Forestry is designed for a student who wishes to major in forestry or one of its two divergent areas of study—Forestry or Wildlife and Fisheries Science. A student will receive an Associate of Arts degree upon completion of this two-year program of study.
A bachelor’s degree in forestry, biology, natural resource management, environmental sciences, or a related discipline is the minimum educational requirement for careers in forestry.
Curricula focus on four areas: forest ecology and biology, measurement of forest resources, management of forest resources, and public policy. Students should balance general science courses such as ecology, biology, tree physiology, taxonomy, and soil formation with technical forestry courses such as forest inventory, wildlife habitat assessment, remote sensing, land surveying, GPS technology, integrated forest resource management, forest protection, and silviculture (the care and cultivation of forest trees). In addition, mathematics, statistics, and computer science courses are recommended. Courses in resource policy and administration—specifically, forest economics and business administration—also are helpful. Forestry curricula increasingly are including courses on wetlands analysis and sustainability and regulatory issues because prospective foresters need a strong grasp of Federal, State, and local policy issues and an understanding of complex environmental regulations.
What can I expect from a career in Forestry?
Foresters oversee our Nation’s forests and direct activities on them for economic, recreational, conservation, and environmental purposes. Individual landowners, the public, and industry own most of the forested land in this country, and they require the expertise of foresters to keep the forests healthy and sustainable. Often, this means coming up with a plan to keep the forests free from disease, harmful insects, and damaging wildfires by planning, for example, when and where to plant trees and vegetation and when to cut timber. It also may mean coming up with ways to make the land profitable but still protected for future generations.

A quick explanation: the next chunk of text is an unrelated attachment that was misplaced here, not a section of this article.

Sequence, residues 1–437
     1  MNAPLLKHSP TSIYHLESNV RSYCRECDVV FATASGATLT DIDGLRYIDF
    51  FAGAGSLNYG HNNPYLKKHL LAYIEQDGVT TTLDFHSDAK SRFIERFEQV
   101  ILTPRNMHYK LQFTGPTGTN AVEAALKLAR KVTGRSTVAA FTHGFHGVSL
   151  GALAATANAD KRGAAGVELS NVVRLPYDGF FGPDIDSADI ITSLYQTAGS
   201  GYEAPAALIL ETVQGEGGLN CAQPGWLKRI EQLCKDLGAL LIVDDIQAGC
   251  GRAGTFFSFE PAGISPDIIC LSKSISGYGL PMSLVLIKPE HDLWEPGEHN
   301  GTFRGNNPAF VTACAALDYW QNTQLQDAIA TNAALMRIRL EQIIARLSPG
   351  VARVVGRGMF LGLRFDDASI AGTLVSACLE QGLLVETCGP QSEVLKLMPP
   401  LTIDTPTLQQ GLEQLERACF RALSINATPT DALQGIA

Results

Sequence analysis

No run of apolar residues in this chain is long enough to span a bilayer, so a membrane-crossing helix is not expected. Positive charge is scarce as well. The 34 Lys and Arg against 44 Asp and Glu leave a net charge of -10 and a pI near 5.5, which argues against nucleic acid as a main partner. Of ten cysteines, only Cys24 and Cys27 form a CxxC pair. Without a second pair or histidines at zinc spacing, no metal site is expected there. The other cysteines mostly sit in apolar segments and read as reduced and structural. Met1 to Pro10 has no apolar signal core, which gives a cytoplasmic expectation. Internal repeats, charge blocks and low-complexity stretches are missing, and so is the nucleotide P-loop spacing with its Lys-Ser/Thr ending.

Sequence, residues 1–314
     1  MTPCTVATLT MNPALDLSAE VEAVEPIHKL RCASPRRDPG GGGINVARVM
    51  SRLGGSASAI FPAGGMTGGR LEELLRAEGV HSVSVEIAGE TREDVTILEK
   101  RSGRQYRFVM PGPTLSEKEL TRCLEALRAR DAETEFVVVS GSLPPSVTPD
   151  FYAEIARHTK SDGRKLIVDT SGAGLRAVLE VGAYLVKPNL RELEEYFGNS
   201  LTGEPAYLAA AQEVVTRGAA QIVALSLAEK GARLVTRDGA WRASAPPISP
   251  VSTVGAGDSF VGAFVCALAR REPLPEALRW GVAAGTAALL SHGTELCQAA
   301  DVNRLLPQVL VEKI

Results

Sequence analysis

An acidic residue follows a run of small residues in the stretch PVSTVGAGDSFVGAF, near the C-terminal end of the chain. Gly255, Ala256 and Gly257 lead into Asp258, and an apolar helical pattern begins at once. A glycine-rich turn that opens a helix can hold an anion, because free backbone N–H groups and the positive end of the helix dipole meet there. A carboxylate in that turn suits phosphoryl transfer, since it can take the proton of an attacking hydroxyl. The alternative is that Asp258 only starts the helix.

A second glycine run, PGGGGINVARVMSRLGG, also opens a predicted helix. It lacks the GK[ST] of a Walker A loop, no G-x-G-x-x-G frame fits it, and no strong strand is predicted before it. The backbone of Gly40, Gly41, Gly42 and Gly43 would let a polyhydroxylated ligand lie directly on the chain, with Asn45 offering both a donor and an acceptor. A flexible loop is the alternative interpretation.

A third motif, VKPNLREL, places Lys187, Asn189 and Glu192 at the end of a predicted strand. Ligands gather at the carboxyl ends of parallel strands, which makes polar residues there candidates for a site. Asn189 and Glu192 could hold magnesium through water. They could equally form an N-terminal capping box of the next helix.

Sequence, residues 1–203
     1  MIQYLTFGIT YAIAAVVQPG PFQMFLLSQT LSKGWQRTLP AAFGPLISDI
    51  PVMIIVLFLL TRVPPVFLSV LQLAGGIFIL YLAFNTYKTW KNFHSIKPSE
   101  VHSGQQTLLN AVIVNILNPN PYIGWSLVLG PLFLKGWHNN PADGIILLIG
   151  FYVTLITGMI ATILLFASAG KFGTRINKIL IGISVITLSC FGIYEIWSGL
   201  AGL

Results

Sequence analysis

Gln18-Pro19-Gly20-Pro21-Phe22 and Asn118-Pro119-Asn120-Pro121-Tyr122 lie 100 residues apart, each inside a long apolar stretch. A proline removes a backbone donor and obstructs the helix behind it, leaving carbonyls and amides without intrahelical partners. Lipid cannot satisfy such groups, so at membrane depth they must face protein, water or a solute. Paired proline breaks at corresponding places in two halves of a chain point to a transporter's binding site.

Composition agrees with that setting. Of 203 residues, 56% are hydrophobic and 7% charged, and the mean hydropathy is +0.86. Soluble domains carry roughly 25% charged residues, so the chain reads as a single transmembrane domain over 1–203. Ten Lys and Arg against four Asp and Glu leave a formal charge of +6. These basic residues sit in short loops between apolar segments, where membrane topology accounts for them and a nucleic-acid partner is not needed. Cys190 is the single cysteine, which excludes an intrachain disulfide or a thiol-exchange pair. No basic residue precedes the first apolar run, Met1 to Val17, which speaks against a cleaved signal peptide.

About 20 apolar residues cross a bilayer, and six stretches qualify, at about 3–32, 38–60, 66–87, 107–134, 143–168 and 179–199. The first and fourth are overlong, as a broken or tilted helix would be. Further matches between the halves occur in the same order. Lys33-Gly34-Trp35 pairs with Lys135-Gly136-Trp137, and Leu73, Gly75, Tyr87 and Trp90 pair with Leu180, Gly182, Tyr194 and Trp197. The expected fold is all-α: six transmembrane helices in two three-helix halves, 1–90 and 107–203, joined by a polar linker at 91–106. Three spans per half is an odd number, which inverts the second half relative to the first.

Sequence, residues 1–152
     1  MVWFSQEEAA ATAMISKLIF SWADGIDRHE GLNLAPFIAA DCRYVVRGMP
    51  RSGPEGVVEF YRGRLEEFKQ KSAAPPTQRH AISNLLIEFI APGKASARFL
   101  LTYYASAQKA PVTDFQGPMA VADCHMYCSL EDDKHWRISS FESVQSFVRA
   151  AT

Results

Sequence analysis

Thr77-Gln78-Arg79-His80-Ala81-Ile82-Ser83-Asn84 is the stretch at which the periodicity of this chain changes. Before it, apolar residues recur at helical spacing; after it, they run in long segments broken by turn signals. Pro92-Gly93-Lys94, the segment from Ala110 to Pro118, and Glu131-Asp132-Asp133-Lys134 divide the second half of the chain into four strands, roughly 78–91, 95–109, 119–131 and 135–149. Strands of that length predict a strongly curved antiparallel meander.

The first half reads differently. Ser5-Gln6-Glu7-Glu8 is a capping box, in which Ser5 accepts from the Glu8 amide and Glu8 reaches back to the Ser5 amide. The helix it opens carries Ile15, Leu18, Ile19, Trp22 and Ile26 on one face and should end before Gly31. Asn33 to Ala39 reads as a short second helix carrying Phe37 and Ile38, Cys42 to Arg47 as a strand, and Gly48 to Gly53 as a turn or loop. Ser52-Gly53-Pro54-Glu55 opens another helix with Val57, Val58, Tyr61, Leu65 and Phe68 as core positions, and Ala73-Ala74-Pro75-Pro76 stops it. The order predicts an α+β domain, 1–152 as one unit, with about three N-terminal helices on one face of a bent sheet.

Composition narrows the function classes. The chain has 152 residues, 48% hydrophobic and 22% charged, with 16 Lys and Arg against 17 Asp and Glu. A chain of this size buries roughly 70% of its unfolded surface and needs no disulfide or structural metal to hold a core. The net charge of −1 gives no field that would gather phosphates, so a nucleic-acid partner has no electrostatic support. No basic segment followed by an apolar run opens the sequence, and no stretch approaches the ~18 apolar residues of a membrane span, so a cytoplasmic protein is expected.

Foresters have a wide range of duties, depending on whom they are working for. Some primary duties of foresters include drawing up plans to regenerate forested lands, monitoring the progress of those lands, and supervising harvests. Land management foresters choose and direct the preparation of sites on which trees will be planted. They oversee controlled burning and the use of bulldozers or herbicides to clear weeds, brush, and logging debris. They advise on the type, number, and placement of trees to be planted. Foresters then monitor the seedlings to ensure healthy growth and to determine the best time for harvesting. If they detect signs of disease or harmful insects, they consult with specialists in forest pest management to decide on the best treatment. When the trees reach a certain size, foresters decide which trees should be harvested and sold to sawmills.
Throughout the forest management and procurement processes, foresters often are responsible for conserving wildlife habitats and creek beds within forests, maintaining water quality and soil stability, and complying with environmental regulations. Foresters must balance the desire to conserve forested ecosystems with the need to use forest resources for recreational or economic purposes. For example, foresters increasingly are working with landowners to find ways to generate money from forested lands, such as using them for hunting or other recreational activity, without cutting down trees. A major concern of foresters is the prevention of devastating wildfires. Using a variety of techniques, including the thinning of forests and controlled burns (to clear brush), foresters work with governments and private landowners to minimize the impact of fire on the forest. During a fire, they work with or supervise firefighters and plan ways to contain the fire.